The chief executive of the London Stock Exchange as well as Standard Chartered Company CEO will accompany British Premier Theresa May on her first official visit to Kenya on Thursday.
LSE chief David Schwimmer and his Standard Chartered counterpart Bill Winters will be on a specially converted Royal Air Force (RAF) Voyager that will arrive in the country on August 30, according to British newspaper reports.
The delegation will also comprise two members of Mrs. May’s cabinet; UK’s Trade Minister George Hollingbery and Minister for Africa Harriett Baldwin.
Mrs. May’s visit to the country will be the first for a sitting UK Prime Minister since Margaret Thatcher was hosted by President Daniel Toroitich Arap Moi in 1988. Strikingly, it means Mrs. May will be the second consecutive female British premier to visit Kenya.
UK newspapers report that the Mrs. May has never visited sub-Saharan Africa and last visited Africa in 2015 following a terror attack at a hotel in Sousse, Tunisia where 30 of the 38 casualties were British.
Her visit to Kenya is part of a three country tour across Africa at a time when Britain is preparing to implement leaving the European Union following a Brexit referendum vote in 2016.
A press statement from the the British Prime Minister’s office said Mrs. May’s central message will be focused on a renewed partnership between the UK and Africa, which will seek to “maximise shared opportunities and tackle common challenges”.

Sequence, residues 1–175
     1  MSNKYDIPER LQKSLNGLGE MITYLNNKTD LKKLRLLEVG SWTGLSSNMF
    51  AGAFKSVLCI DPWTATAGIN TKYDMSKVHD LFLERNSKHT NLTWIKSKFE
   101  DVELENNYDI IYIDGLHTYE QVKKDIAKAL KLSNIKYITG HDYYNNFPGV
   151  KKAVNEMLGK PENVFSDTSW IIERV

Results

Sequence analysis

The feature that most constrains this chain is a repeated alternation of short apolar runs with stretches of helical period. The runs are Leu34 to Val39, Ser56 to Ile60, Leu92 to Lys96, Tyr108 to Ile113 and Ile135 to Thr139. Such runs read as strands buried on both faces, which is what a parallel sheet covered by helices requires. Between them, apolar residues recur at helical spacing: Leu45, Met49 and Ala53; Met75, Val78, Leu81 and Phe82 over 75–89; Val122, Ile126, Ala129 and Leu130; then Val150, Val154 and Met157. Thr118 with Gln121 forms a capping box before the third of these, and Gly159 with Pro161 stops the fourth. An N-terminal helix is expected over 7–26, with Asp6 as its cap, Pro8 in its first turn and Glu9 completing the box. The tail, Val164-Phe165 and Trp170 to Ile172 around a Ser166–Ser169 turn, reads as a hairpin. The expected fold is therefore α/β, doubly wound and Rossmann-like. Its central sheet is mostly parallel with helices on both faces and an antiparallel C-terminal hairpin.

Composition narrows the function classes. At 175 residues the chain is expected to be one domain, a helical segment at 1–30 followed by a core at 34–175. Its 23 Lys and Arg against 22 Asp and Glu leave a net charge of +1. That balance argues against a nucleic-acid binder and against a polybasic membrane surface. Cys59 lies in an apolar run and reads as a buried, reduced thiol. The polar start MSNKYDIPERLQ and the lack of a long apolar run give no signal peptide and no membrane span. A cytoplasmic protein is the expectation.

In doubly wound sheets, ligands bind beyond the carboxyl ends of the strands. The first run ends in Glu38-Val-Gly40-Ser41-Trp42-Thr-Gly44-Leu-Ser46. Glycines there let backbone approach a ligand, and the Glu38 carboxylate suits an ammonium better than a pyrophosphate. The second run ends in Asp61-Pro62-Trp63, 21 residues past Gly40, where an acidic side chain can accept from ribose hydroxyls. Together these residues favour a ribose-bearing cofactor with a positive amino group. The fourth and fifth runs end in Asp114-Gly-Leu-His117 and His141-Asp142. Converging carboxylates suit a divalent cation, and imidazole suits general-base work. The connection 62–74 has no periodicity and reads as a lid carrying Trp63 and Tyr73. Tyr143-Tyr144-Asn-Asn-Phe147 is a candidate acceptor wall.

“Africa stands right on the cusp of playing a transformative role in the global economy, and as longstanding partners this trip is a unique opportunity at a unique time for the UK to set out our ambition to work even closer together,” the British PM said.
The press statement also said the Prime Minister’s entourage will comprise a business delegation made up of 29 representatives from UK business – half of which are SMEs – from across all regions of the UK and its devolved administrations.
In Kenya, Mrs. May will meet president Uhuru Kenyatta before visiting British troops and a business school. The trip to Kenya will be the final leg of the Africa tour with a state dinner hosted by President Kenyatta concluding the trip before she returns to No. 10 Downing Street.
UK newspaper The Guardian reported that Mrs. May will also discuss measures to discourage migration to Europe and improve security cooperation against Al-Shabaab in Somalia.
The British newspaper also reported that the British PM will be under pressure to raise gay rights in Kenya. According to the paper, Mrs. May said in April that she “deeply regrets” Britain’s colonial legacy of introducing anti-homosexual laws.
President Uhuru Kenyatta in April told CNN’s Christiane Amanpour that homosexual rights is a “non-issue.”